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1. Something that has been printed again, especially:
a. A new printing that is identical to an original; a reimpression.
b. A separately printed excerpt; an offprint.
2. A facsimile of a postage stamp printed after the original issue of the stamp has been discontinued.
tr.v. (rē-prĭnt′) re·print·ed, re·print·ing, re·prints
To make a new copy or edition of; print again.

re·print′er n.
References in periodicals archive ?
for years, until one day a discourteous reprinter decided to seize upon
One of these unholy figures was Alexander Donaldson, an Edinburgh reprinter of English editions, whose cheap and unauthorized productions made him guilty of book piracy in the eyes of the publishing establishment.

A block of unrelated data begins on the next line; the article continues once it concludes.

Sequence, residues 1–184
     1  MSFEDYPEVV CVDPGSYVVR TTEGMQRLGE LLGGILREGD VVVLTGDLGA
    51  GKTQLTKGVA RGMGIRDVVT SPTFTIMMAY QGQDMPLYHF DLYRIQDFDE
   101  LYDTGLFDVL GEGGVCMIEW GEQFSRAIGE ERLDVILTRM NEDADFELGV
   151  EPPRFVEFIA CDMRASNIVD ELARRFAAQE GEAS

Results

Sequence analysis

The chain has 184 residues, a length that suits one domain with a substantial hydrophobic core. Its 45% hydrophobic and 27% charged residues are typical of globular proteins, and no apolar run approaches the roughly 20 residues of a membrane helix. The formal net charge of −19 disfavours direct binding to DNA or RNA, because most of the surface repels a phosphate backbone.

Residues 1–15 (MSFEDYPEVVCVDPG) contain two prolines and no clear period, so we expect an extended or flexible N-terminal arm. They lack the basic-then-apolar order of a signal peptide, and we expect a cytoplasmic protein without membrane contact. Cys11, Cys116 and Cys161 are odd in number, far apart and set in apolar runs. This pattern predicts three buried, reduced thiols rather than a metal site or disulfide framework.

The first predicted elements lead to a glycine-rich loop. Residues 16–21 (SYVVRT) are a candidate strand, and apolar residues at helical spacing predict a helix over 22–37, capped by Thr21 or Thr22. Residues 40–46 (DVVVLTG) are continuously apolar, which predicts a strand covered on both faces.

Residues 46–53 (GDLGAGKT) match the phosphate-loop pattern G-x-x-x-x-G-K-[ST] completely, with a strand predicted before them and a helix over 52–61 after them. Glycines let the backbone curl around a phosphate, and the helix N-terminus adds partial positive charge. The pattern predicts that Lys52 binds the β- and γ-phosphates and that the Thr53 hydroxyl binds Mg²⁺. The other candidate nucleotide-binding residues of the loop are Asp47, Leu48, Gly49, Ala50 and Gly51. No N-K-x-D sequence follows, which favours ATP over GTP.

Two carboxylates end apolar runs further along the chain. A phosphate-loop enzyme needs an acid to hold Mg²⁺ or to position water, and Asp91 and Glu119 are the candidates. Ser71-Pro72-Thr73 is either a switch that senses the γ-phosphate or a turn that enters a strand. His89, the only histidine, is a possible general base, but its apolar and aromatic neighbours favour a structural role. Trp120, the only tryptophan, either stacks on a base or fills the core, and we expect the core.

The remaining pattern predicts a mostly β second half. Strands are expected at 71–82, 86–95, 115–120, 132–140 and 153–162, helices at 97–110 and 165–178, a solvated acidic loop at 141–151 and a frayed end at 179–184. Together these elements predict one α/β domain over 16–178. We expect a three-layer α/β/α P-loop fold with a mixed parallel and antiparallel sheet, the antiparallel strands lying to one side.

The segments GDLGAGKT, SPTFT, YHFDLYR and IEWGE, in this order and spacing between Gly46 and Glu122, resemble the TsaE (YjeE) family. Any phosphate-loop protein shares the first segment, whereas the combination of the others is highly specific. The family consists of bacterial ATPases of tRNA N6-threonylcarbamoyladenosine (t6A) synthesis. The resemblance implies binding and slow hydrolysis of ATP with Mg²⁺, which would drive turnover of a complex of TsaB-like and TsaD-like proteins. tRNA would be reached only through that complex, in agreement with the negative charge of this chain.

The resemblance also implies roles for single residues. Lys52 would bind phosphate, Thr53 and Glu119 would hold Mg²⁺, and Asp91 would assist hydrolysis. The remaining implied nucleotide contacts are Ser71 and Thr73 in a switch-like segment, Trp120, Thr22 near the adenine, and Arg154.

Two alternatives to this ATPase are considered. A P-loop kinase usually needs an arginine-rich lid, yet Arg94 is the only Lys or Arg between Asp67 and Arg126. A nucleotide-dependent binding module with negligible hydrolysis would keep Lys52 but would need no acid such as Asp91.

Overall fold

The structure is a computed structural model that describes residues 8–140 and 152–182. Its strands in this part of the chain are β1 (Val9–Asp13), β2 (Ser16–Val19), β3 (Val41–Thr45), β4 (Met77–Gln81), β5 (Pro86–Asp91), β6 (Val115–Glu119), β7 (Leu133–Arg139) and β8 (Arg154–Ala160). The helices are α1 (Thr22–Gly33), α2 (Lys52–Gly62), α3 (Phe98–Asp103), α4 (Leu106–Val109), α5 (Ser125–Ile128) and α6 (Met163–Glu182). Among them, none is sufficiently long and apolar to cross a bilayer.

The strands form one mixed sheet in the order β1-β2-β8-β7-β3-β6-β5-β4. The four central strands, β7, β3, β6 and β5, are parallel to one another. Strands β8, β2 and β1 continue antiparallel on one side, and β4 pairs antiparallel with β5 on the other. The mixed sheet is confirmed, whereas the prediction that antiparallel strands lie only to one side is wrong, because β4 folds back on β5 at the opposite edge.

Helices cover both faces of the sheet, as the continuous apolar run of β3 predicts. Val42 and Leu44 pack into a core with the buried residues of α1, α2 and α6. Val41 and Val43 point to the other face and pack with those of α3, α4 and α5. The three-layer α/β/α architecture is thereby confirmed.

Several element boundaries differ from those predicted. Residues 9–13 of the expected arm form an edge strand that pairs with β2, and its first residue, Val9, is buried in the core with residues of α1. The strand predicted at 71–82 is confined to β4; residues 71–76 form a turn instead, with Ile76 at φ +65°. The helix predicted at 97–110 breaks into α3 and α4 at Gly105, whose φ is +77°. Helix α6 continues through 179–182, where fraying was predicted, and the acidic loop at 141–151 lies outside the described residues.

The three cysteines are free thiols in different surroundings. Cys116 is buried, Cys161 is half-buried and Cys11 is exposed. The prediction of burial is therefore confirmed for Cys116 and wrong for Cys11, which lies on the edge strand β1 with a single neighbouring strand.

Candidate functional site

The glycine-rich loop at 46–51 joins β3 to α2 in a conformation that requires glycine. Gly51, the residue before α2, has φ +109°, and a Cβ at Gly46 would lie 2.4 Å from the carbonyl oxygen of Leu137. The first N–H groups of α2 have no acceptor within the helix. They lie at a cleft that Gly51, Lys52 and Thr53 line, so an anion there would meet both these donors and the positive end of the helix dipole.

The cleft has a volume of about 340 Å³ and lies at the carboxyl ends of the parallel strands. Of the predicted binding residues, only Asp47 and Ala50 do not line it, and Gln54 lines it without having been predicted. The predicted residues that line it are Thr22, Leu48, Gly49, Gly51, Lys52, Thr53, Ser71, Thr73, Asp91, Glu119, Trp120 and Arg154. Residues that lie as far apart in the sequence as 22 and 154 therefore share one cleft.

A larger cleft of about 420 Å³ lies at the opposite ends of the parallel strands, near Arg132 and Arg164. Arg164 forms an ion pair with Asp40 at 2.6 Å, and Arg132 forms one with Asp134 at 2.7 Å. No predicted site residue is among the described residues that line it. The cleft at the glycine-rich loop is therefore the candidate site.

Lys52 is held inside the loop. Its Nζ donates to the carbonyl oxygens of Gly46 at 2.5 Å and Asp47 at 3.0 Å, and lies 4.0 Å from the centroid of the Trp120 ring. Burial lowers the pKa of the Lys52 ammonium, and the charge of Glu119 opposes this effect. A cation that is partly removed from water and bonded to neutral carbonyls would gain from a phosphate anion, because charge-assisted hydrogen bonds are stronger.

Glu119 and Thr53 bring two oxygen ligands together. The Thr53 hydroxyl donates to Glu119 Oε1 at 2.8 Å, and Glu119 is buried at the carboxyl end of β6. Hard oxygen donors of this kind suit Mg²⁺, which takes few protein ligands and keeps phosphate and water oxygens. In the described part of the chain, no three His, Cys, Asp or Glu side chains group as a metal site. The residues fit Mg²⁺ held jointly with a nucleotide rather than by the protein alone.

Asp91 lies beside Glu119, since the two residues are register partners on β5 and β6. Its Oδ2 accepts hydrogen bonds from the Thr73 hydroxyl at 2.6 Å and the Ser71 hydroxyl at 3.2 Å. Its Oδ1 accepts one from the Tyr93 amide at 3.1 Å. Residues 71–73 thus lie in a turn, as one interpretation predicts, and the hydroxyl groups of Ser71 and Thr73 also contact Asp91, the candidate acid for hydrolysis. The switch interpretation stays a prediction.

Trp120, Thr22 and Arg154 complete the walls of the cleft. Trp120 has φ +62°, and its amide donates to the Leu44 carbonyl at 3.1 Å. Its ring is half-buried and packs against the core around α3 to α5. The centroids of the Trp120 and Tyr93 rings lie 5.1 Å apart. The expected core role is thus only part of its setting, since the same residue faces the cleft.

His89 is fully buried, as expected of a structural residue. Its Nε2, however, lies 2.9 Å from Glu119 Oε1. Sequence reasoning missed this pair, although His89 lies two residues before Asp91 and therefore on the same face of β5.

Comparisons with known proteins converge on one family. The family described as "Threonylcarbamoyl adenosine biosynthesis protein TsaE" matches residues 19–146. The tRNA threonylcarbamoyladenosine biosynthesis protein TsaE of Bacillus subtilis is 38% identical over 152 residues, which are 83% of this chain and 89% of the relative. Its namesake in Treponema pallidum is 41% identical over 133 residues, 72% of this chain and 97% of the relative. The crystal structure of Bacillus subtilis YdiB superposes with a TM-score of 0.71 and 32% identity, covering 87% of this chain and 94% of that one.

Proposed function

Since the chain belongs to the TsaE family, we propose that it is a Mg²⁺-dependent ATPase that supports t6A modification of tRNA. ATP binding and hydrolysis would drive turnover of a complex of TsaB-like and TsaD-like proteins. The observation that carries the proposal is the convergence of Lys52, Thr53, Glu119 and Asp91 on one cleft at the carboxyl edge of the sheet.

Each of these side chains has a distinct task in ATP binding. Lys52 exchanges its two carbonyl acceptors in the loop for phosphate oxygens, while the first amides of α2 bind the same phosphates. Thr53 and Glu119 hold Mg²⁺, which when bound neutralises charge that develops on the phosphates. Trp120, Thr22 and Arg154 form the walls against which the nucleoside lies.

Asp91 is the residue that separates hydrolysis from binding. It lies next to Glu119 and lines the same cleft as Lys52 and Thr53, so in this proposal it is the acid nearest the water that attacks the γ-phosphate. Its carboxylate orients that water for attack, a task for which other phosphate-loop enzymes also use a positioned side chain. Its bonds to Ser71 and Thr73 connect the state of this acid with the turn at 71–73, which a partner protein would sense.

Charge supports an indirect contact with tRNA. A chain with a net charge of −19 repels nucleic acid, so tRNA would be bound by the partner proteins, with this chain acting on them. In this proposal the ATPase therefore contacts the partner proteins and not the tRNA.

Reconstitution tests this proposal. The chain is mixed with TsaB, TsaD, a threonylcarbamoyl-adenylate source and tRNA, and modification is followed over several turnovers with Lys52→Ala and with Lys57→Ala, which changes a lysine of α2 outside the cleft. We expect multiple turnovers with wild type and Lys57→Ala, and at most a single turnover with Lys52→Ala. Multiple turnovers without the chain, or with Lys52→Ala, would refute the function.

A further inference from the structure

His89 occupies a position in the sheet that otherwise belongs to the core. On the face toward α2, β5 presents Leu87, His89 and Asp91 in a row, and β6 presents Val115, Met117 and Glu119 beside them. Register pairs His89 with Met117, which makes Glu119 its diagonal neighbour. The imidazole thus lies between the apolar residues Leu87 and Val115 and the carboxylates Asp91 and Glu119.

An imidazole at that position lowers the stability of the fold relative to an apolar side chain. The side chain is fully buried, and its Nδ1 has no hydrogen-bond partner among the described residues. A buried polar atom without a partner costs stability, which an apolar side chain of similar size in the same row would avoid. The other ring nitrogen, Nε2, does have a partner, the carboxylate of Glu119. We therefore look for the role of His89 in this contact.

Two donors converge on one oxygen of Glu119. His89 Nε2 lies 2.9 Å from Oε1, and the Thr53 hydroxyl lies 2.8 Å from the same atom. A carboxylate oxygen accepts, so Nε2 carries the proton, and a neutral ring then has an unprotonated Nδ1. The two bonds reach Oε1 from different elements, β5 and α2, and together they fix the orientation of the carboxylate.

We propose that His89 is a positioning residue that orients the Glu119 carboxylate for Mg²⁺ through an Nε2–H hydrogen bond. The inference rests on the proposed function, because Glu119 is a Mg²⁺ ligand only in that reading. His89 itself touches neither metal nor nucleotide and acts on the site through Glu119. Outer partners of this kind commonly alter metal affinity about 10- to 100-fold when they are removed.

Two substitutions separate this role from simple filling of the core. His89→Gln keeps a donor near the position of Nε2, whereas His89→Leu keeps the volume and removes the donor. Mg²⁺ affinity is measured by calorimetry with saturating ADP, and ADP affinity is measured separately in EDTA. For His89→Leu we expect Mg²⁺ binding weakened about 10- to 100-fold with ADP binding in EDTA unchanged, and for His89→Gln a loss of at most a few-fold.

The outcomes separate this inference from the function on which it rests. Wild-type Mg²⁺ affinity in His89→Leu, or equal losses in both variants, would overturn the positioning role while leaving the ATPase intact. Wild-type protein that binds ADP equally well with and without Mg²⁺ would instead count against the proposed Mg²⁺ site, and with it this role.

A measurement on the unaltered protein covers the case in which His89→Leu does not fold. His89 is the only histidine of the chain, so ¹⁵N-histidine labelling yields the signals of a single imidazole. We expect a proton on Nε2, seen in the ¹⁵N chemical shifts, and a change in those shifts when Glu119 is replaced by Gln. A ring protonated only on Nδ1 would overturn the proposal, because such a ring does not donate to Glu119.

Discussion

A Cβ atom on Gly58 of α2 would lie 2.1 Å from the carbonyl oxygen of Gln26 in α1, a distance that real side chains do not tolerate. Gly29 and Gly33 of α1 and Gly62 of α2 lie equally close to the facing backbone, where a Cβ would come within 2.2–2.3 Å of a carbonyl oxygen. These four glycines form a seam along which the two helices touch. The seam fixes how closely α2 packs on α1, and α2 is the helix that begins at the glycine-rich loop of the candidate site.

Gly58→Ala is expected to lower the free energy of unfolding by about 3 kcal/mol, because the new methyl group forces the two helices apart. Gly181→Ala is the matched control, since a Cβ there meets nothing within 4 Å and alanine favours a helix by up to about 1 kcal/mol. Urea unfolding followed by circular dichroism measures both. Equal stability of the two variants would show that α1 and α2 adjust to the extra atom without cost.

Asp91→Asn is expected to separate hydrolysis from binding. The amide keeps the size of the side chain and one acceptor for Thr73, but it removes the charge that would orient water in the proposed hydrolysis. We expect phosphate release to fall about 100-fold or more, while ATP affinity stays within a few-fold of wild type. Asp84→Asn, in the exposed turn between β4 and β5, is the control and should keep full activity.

Because the author always has (and cannot relinquish) her "naked property," the reprinter can only appropriate the use and profits (usus et fructus) stemming from that property.
For every unscrupulous reprinter, there is a greedy monopolist; for every robber, a robber baron: piracy is in the eye of the beholder.
Shall we say, George Faulkner (identified above); Matthew Carey, founder of America's first publishing house, Lea & Febiger, Philadelphia, which celebrated its bicentennial in 1985; and Patrick Byrne, the quintessential Dublin-Philadelphia reprinter of English writers.
To bring some measure of regulation and propriety to these practices, publishers began to observe "what they called a `courtesy copyright,' in which the American reprinter [of a work first published abroad] had sole rights if he was the first to produce a book in this country.
It's being produced again--along with the Navy's excellent old brick, concrete, and foundry manuals--by Lindsay Publications, the quirky reprinter of technical manuals from times gone by.